east and deposited in the Alberta Planes.
The ﬁrst model(MW1) was set with no décollements, and no erosion
was applied through the experiment to establish a critical accreting
taper angle (8°) in the models with high basal friction (Table 1). Two
subsequent experiments were run to test the effects of erosion on the
thrust wedges without décollement (MW2–3, Table 1). The imposed
slope of the erosion surface was 8° determined from the ﬁrst
experiment. The erosion rate was two times slower in the experiment
MW3 in comparison to MW2 that was simulated by erosion and sand
removal each 4 cm of shortening (MW3) instead of 2 cm (MW2). The
experiment with slow erosion (MW3) could be compared with natural
cases in which a higher resistance of composing rocks and/or
unfavorable climatic conditions occurred. Three last experiments were
run to study effects of one (MW4) or two (MW5–6) décollements in a
thrust wedge under erosion. The erosion taper angle was 6° for the
thrust wedges with one (MW4) and two décollements (MW5) to reﬂect
low basal friction at the base of the cover layers above the décollements
(Konstantinovskaia and Malavieille, 2005). The imposed slope of the
erosion surface was 8° in the experiment MW6 with two décollements.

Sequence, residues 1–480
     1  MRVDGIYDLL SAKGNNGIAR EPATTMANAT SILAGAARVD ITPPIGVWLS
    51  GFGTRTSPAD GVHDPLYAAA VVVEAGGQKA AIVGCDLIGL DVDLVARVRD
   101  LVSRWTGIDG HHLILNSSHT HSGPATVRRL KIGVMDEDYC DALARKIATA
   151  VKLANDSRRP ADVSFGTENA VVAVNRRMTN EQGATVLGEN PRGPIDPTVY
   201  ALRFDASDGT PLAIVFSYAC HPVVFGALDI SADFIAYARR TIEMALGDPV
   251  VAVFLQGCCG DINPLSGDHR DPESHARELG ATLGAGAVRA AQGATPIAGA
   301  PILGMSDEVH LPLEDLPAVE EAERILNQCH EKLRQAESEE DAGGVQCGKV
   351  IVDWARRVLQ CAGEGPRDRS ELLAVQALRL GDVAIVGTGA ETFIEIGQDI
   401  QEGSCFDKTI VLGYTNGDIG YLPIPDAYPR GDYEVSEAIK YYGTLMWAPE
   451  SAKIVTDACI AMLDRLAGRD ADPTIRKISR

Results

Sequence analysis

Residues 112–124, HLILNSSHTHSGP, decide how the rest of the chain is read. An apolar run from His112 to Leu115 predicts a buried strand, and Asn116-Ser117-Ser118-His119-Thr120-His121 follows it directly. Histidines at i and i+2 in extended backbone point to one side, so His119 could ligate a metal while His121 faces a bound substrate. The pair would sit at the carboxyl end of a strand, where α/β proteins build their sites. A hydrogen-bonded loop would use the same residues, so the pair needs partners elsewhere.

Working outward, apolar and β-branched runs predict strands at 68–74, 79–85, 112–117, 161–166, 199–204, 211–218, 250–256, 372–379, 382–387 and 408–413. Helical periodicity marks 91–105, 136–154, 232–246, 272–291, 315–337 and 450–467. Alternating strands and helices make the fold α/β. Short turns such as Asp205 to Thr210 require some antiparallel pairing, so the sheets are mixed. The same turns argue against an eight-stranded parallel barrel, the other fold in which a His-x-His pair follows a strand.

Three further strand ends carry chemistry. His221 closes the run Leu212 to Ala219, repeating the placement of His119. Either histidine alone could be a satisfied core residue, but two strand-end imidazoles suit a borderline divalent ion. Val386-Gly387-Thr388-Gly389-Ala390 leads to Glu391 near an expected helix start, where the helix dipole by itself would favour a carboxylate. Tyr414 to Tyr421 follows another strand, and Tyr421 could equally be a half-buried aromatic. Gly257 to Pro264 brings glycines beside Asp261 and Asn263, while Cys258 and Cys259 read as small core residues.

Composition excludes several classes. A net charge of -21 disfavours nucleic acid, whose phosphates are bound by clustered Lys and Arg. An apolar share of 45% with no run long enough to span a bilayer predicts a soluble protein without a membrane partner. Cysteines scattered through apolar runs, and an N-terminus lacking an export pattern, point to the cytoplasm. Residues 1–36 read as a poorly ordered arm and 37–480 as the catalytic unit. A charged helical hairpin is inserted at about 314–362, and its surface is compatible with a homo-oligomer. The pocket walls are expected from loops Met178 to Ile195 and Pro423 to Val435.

The variation of boarding conditions in the six experiments (Table 1)
was set to study their effect on thrust wedge kinematics, fault
propagation, underthrusting and exhumation rates. The experiments
were repeatedly run to ensure that similar deformation is reproduced
under thesame setup and thatit was the changes in the initialsetup that
affected variations in model wedge evolution. The total amount of
shortening in the presented experimental runs varies about 105± 20 cm
(Table 1). The moment to stop the experiments was chosen once internal
wedge kinematics reached equilibrium and total length of sand layers
was accreted. The average value oftotal shortening 105 cm characterizes
the thrust wedge without erosion (MW0). The most important total
shortening (125 cm) is observed in eroded model wedge without
décollements (MW2) that is slightly higher than the one (120 cm) in the
wedge with slower erosion (MW3). The eroded wedges with one and
two décollements (MW4–6) demonstrate the lowest values of total
shortening that is 115 and 86 cm, respectively (Table 1).
3.1. Experiments without and with erosion